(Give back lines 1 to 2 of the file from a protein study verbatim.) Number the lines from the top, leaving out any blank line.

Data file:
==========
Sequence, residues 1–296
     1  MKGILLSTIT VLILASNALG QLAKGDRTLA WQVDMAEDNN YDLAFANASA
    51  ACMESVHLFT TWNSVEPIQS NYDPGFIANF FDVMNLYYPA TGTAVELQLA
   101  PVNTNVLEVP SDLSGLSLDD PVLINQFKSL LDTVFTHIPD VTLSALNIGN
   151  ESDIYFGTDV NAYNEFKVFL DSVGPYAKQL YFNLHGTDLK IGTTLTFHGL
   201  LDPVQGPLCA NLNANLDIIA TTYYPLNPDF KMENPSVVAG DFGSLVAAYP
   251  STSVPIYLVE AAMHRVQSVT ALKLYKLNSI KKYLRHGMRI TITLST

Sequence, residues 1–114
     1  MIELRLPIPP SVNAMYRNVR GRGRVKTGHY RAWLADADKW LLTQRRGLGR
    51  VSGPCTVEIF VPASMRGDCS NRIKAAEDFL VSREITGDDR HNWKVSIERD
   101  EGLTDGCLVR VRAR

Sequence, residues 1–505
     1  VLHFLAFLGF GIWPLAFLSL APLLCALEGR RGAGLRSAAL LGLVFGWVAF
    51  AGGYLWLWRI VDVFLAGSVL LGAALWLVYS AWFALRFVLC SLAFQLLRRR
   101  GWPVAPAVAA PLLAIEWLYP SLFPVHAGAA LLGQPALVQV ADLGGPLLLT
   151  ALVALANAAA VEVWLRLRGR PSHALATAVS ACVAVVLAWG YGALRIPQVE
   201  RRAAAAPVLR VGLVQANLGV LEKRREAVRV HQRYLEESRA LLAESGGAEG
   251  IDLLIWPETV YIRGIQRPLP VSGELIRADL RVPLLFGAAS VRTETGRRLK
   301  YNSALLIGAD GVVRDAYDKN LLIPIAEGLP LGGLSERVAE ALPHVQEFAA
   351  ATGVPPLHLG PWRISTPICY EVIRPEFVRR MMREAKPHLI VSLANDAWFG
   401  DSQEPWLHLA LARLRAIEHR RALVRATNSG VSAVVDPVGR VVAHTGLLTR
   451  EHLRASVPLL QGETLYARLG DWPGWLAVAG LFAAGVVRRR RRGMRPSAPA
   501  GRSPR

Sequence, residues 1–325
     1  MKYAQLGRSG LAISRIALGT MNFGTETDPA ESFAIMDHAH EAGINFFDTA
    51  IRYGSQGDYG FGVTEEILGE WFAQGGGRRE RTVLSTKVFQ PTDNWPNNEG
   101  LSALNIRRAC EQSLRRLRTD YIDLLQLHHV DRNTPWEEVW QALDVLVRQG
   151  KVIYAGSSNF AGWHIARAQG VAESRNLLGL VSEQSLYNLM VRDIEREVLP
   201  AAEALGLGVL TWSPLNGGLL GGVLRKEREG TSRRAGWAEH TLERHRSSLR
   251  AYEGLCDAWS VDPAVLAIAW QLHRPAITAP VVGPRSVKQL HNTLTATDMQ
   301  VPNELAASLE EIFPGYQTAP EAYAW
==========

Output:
Sequence, residues 1–296
     1  MKGILLSTIT VLILASNALG QLAKGDRTLA WQVDMAEDNN YDLAFANASA